Aamir Khan film. Trailer looked great. Inspiring story of Phogats. These were the top 3 reasons why we booked FDFS tickets of Nitesh Tiwary’s Dangal. When we say we, it means 4 of us. But as we came out of the theatre, we found ourselves on different sides of the fence. As we are quite down in the bollywood food chain (say ADs/Assistant Directors and such), we asked mFC if our discussion can be posted anonymously. Nobody wants to hear the bad words. So why burn our blood and careers so early.
Read it only after you have seen the film, and let us know where do you stand.
Yes, the film is good and it really excels in performance and direction. I was riveted throughout except the cringe worthy climax. And I did feel it was really long.
Anyway, I have been thinking about it and there’s something that has been bothering me in the way women are presented in the film. I am aware that my reading is a little too ultra feminist but I did feel strongly about certain things. Here goes:
Though the film harps about being pro-feminist, it does so by still putting the men in control of the women. Sakshi Tanwar’s character completely shadows Mahavir. I would have loved to see some sign of revolt or at least a conscience. She is devoid of one and only allowed to play her strength through looks. The only time she is shown to have genuine anger and a rebel is when Mahavir is cooking chicken in the house. To a certain extent, I buy this because women from this world don’t have a say. But there could be a take, there could be a way to show some indictment. One example: She could have gone to Commonwealth Games to watch her daughter play. It’s in Delhi, not very far. Even the chicken seller shows up with his daughters with prasad to see Geeta wrestle. That bit of fiction would have been redeeming for the consistent lack of importance given to Sakshi’s character. But no, because nothing can come in the way of Mahavir’s glory.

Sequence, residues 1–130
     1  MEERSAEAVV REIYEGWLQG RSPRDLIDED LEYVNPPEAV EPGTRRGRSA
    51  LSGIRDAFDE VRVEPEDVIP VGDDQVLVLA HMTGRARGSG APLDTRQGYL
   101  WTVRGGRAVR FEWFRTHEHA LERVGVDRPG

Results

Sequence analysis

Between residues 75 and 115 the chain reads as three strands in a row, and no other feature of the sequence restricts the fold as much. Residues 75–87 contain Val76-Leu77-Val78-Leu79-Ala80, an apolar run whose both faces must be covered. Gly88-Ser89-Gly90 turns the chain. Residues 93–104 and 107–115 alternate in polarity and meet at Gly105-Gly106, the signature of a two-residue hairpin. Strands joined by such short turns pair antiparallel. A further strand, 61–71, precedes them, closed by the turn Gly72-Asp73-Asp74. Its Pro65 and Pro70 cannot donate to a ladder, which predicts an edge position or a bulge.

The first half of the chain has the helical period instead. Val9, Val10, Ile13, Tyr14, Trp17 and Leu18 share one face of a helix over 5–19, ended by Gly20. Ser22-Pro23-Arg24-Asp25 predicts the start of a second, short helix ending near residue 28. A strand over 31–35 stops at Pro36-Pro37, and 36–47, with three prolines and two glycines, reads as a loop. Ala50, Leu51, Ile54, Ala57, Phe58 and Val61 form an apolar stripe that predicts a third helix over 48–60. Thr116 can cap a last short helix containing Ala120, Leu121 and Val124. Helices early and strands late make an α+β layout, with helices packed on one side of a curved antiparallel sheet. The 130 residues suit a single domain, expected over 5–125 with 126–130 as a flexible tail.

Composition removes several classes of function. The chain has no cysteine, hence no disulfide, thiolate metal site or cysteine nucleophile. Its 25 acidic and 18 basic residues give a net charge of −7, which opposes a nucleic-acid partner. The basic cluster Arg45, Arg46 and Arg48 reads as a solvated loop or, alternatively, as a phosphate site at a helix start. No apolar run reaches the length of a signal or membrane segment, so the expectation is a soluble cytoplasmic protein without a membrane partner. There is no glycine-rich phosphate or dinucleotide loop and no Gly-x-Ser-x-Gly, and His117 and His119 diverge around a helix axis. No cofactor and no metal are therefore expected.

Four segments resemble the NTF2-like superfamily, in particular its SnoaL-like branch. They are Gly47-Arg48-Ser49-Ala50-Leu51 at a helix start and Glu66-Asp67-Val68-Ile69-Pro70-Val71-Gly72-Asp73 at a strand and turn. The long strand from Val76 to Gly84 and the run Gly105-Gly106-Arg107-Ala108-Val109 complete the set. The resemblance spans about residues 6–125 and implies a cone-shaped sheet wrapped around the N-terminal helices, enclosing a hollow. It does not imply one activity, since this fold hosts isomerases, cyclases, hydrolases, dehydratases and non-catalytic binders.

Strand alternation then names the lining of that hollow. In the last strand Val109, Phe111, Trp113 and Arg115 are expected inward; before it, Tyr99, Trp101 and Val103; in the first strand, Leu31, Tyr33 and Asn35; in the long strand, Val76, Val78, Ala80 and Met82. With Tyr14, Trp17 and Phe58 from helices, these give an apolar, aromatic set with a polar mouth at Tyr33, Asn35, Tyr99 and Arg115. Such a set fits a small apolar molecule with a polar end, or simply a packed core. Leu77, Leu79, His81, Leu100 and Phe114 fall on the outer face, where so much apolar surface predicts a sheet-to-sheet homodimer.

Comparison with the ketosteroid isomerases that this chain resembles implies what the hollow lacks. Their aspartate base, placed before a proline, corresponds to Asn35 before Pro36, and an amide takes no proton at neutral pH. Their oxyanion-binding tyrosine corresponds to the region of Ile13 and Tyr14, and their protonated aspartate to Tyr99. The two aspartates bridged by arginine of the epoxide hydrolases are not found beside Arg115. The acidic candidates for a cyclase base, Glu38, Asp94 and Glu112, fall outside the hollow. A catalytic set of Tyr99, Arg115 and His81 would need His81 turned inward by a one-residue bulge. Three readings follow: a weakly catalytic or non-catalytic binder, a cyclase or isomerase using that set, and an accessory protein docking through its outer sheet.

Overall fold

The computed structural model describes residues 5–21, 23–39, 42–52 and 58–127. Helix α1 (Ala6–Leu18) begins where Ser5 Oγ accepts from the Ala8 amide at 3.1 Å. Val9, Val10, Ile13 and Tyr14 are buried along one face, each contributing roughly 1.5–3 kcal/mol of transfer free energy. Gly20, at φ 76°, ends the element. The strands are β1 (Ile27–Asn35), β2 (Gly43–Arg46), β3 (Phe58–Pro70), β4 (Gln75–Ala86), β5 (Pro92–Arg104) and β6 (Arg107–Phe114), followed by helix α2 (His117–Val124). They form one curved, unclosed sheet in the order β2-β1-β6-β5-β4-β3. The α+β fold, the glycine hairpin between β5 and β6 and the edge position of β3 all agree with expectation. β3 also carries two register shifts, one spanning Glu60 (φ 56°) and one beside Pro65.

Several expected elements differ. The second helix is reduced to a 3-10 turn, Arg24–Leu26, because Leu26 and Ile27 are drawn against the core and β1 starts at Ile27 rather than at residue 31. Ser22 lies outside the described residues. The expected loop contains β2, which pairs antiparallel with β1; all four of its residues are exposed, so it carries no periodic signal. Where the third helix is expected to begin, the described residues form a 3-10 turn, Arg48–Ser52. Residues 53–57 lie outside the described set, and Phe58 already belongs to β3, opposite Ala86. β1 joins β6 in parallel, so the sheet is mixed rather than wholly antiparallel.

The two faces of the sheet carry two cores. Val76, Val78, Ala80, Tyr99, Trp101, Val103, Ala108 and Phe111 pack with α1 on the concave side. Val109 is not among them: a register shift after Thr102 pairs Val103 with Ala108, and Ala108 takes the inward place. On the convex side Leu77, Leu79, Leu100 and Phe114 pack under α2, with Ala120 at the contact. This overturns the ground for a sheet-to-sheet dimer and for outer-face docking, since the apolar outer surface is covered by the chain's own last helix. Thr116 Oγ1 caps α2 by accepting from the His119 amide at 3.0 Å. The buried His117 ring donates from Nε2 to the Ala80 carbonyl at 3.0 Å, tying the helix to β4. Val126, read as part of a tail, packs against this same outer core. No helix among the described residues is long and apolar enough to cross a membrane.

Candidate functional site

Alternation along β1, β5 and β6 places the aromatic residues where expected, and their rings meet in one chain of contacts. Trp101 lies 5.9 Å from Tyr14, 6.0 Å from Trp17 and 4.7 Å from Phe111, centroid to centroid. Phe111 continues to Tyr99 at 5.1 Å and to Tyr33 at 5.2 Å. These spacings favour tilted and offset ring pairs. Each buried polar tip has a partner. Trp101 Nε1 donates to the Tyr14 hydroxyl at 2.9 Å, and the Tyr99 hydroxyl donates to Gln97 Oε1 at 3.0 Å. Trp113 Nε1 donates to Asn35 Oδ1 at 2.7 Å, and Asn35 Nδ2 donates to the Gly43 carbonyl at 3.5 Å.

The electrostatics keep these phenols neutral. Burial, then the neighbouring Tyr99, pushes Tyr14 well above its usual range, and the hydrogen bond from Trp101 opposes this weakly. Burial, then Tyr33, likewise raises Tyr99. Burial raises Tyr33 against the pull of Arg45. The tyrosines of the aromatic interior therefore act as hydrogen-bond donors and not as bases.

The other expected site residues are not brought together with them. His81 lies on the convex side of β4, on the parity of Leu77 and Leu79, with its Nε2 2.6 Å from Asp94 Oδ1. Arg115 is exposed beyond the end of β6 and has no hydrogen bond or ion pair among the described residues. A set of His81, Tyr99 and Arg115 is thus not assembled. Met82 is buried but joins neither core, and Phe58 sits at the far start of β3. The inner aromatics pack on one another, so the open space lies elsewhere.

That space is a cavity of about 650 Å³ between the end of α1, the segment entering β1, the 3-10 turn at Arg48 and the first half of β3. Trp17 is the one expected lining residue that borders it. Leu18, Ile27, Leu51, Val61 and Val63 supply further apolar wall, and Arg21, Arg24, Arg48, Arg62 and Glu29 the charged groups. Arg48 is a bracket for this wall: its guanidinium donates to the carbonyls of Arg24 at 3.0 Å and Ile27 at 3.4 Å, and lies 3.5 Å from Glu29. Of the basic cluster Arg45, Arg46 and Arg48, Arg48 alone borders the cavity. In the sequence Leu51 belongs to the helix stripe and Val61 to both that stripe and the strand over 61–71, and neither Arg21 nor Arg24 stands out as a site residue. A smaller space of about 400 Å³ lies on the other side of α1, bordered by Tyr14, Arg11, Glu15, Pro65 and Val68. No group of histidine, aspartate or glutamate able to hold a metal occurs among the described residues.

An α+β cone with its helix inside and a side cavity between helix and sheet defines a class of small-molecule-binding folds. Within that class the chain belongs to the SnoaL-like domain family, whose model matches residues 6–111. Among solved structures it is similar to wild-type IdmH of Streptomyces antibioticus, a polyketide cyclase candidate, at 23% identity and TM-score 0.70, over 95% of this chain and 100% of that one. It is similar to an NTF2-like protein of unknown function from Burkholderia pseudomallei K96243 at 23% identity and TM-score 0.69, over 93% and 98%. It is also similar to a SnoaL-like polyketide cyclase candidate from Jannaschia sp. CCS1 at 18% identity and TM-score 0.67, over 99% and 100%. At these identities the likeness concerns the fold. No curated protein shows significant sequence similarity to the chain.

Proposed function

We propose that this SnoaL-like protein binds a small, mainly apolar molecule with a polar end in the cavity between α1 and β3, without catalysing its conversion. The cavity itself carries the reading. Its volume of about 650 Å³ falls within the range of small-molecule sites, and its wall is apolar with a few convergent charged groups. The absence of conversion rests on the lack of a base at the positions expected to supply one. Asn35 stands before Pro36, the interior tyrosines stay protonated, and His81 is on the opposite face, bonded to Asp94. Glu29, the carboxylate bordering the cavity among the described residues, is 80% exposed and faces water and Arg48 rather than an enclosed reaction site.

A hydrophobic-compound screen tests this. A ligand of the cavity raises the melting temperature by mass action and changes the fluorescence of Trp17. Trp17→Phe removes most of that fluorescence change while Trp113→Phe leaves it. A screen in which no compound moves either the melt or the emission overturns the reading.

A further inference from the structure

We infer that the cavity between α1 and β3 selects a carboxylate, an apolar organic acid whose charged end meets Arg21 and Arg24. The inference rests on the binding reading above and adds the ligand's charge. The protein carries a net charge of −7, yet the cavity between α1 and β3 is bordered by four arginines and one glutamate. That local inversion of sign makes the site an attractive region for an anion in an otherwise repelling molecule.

One thing was smart that they used humour to hide the torture that Mahavir inflicts on the girls. You cringe when the boys make lewd comments at Geeta playing in a local match but find it utterly cute when Haanikaarak plays. Imagine watching the Haanikaarak video without the actual song and those cute lyrics. Watch the video imagining it with a empathetic violin piece. Add the cutting of the hair and the cousin being slapped at the wedding to the song montage. Aamir would have then sounded like the way his character actually is – a tyrant imposing his dreams. But then he has to be the hero. So yeah, smartly played.
The girls are constantly instructed what to do and how to play. Their personal transition of being forced to play to actually wanting to play seriously is given just a mere exposition scene. It feels so untrue. Aamir’s motives and choices are neatly etched out but the girls only hear their friend talk about freedom and have a change of heart. Their change is not so organic. And you can’t suddenly show your docile girls to be tomboys beating up neighbourhood kids. Least of parents see it. If they had shown Mahavir observing his daughters showing a streak of becoming wrestlers over the years, it would have been nice. Here in one scene they become nose breaking tomboys.